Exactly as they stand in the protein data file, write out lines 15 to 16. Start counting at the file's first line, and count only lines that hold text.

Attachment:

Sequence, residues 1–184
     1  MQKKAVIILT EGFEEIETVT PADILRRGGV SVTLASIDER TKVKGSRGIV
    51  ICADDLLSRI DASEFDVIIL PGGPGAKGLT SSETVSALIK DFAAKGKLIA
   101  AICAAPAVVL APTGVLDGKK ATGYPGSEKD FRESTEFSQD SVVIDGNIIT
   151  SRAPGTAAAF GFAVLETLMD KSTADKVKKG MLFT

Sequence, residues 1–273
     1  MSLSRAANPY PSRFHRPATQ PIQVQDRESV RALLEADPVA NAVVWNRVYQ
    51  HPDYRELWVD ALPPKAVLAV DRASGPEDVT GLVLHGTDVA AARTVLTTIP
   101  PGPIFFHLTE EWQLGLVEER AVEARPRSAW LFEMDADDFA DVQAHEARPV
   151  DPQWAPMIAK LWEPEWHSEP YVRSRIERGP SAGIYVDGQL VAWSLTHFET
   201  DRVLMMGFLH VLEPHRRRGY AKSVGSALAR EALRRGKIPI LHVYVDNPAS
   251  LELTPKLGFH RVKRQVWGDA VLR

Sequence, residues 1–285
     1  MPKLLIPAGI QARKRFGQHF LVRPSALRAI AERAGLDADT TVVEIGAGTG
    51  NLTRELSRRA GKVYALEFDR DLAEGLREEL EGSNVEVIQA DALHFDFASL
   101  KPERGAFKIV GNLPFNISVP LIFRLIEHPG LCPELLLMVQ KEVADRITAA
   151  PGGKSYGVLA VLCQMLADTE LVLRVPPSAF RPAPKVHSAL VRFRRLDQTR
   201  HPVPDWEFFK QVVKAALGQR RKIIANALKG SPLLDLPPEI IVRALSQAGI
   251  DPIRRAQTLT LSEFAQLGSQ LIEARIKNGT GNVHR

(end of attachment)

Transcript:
    51  NLTRELSRRA GKVYALEFDR DLAEGLREEL EGSNVEVIQA DALHFDFASL
   101  KPERGAFKIV GNLPFNISVP LIFRLIEHPG LCPELLLMVQ KEVADRITAA